By Sara Wise, Vice President, Strategic Services
The great thing about customer relationship management software (e.g., REPS and Salesforce) is that these tools give you great data to evaluate your sales and marketing activity. Unfortunately, without knowing what to look for in the abundance of data these programs provide, you can end up with analysis paralysis. To simplify, here are five easy data points to use when your sales activity is off track.
1.) Start by looking at the number of weekly appointments your sales team has had over the past four months.
Have they been achieving their weekly goals? If so, what has been the result of those appointments? You should explore what is happening during those appointments to discover why leads are not converting to depositors. Your sales team should be strategizing how to advance each lead along the pipeline and convert appointments to depositors.
2.) If you are not achieving your weekly appointment goals, check to see if you are achieving your completed call goals.
Since calls result in appointments, this is a critical component of the sales cycle. Calls should be used to nurture prospects and conduct discovery. As you learn more about each prospect, finding reasons for follow up calls becomes easier. If you are achieving your call volume, but not converting prospects to appointments, team members should listen in on each others calls to brainstorm additional tactics to use. In some cases, formal training may be necessary.
3.) If you are not achieving your weekly call goals, then you should explore whether there is a sufficient number of active leads in the database.
Start by looking at your lead base. You want approximately 350 to 400 active leads per full-time sales team member. This number is subject to increase or decrease depending on the number of leads necessary in the database in relation to the number of sales necessary. If you have an adequate size lead base for your team, beginning to explore the frequency of contact with leads by status code. The most frequent contact should occur with the hottest leads (once per week) and less frequent contact with the coldest leads (twice a year).
4.) If you don’t have enough leads in your lead base, you’ll want to increase the size of the active lead base.
Start by looking at how many leads you are classifying as lost each month and the criteria you are using. If you are classifying leads as lost without doing sufficient discovery, you are losing valuable leads. You should have specific criteria for when to classify leads as lost that all team members follow.Then you should look at the number of new leads you are generating each month and compare it to the number of lost leads. If you are regularly losing more leads per month than gaining new inquires, the size of your lead base is declining and you’ll need to increase your lead generation budget.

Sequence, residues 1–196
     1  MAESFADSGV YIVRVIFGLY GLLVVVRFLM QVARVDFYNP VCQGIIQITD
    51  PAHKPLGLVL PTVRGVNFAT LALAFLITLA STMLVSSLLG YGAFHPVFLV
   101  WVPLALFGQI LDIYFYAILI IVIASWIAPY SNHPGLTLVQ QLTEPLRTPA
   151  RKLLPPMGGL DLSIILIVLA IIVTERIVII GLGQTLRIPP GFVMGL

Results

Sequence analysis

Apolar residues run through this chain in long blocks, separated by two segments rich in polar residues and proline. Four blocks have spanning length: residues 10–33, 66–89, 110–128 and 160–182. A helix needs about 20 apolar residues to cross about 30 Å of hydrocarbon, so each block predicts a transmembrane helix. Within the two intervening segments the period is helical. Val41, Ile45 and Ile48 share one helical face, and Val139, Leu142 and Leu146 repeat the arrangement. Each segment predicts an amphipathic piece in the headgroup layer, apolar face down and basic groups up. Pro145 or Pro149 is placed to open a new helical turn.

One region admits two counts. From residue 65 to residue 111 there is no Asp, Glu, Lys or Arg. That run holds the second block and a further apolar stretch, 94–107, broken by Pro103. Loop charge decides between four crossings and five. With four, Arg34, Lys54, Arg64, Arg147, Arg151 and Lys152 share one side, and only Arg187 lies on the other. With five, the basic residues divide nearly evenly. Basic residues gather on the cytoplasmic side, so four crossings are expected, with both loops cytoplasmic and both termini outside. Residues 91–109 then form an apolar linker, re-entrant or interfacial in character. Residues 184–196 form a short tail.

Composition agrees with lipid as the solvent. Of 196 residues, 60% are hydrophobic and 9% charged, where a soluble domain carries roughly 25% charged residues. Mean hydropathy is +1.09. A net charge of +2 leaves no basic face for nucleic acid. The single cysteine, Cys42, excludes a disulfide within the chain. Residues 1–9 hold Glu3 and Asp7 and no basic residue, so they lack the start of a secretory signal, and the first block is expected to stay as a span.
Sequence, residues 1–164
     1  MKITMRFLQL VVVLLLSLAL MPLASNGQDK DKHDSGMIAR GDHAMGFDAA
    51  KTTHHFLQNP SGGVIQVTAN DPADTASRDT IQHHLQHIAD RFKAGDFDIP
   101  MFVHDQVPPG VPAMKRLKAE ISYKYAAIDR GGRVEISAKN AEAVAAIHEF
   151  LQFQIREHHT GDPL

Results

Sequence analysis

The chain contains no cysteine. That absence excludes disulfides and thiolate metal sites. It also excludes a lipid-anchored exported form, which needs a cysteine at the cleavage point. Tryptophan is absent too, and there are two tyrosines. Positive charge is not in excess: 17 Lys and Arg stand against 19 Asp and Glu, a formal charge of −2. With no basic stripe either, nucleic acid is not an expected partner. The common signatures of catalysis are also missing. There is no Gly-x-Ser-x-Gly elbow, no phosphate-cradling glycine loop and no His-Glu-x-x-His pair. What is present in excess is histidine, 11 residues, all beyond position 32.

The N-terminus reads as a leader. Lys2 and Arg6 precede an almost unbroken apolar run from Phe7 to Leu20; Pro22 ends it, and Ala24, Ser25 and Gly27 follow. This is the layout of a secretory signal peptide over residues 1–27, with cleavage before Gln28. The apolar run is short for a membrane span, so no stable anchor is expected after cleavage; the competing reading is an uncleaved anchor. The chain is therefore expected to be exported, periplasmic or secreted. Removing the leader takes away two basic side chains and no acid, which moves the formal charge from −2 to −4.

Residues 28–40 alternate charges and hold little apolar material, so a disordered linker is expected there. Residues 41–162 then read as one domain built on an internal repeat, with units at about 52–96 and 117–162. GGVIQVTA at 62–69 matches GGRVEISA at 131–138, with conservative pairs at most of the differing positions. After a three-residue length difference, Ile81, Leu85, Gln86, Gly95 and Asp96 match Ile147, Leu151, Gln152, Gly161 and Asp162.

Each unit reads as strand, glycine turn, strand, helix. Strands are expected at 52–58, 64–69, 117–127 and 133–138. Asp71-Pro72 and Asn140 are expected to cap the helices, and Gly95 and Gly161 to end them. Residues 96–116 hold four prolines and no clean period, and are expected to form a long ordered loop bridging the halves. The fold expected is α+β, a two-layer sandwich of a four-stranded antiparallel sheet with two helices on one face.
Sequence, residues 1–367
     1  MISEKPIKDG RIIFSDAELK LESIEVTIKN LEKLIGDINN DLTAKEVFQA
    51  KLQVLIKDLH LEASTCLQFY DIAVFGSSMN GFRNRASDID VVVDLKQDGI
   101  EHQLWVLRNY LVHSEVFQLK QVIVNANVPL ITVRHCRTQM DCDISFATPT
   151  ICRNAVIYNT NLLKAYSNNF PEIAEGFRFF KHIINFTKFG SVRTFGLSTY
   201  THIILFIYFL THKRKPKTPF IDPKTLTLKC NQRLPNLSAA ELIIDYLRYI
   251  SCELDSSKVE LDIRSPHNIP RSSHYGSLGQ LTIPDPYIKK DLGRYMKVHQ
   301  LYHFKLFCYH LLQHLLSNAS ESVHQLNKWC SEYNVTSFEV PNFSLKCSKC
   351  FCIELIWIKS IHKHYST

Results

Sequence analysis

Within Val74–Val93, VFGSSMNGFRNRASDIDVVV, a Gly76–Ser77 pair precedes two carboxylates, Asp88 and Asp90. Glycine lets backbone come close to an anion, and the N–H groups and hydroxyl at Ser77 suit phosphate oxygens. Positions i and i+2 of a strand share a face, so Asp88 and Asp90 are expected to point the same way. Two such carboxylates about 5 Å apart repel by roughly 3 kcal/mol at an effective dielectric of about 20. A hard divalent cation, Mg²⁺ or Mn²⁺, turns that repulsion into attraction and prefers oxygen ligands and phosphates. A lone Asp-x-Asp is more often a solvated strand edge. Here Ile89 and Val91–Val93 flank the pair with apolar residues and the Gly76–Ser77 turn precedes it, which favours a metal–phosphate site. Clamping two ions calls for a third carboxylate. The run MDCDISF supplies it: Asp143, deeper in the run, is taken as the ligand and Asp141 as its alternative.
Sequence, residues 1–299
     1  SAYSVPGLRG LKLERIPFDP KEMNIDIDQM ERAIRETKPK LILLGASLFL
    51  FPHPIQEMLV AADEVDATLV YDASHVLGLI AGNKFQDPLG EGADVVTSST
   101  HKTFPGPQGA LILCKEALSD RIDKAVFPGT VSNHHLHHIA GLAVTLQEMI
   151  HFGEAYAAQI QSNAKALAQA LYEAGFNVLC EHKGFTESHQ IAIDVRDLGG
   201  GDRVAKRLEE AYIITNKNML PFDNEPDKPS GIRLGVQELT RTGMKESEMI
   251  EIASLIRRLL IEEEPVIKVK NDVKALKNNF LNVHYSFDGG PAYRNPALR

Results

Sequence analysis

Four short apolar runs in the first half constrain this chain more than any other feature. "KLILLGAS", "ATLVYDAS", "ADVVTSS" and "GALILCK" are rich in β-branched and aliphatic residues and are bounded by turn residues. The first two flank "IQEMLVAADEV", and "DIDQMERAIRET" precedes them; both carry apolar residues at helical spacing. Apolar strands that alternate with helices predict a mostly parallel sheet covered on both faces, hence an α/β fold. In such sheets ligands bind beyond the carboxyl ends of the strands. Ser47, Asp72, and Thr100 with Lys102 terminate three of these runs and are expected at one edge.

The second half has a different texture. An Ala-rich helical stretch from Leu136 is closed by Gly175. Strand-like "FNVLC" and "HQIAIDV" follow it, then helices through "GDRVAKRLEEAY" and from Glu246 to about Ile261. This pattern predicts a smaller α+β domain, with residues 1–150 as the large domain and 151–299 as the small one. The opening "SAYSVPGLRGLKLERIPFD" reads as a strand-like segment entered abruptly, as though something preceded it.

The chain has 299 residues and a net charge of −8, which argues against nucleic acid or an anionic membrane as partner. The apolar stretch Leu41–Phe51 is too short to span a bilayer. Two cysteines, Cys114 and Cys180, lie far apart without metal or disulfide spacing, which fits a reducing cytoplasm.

5.) Finally, you should evaluate if your lead generation budget is sufficient to support the number of leads you want to generate.
Start by calculating your cost per lead. To do this, take the lead generation budget divided by the number of leads using data from the two previous years. Typically CCRCs spend $500 or more per lead.If you have a lower cost per lead than this, there are two possibilities. The first is that you are generating a sufficient number of new leads per year and outperforming industry benchmarks. The other possibility is that you are not generating a sufficient number of leads and are primarily generating leads from lower cost lead sources (such as referrals). In this case, increase your spending on more costly lead sources to have enough leads to meet your census goals.
These data points will give you a great starting point for evaluating why you are behind on achieving your sales and occupancy goals. With this information, you and your team can get back on track.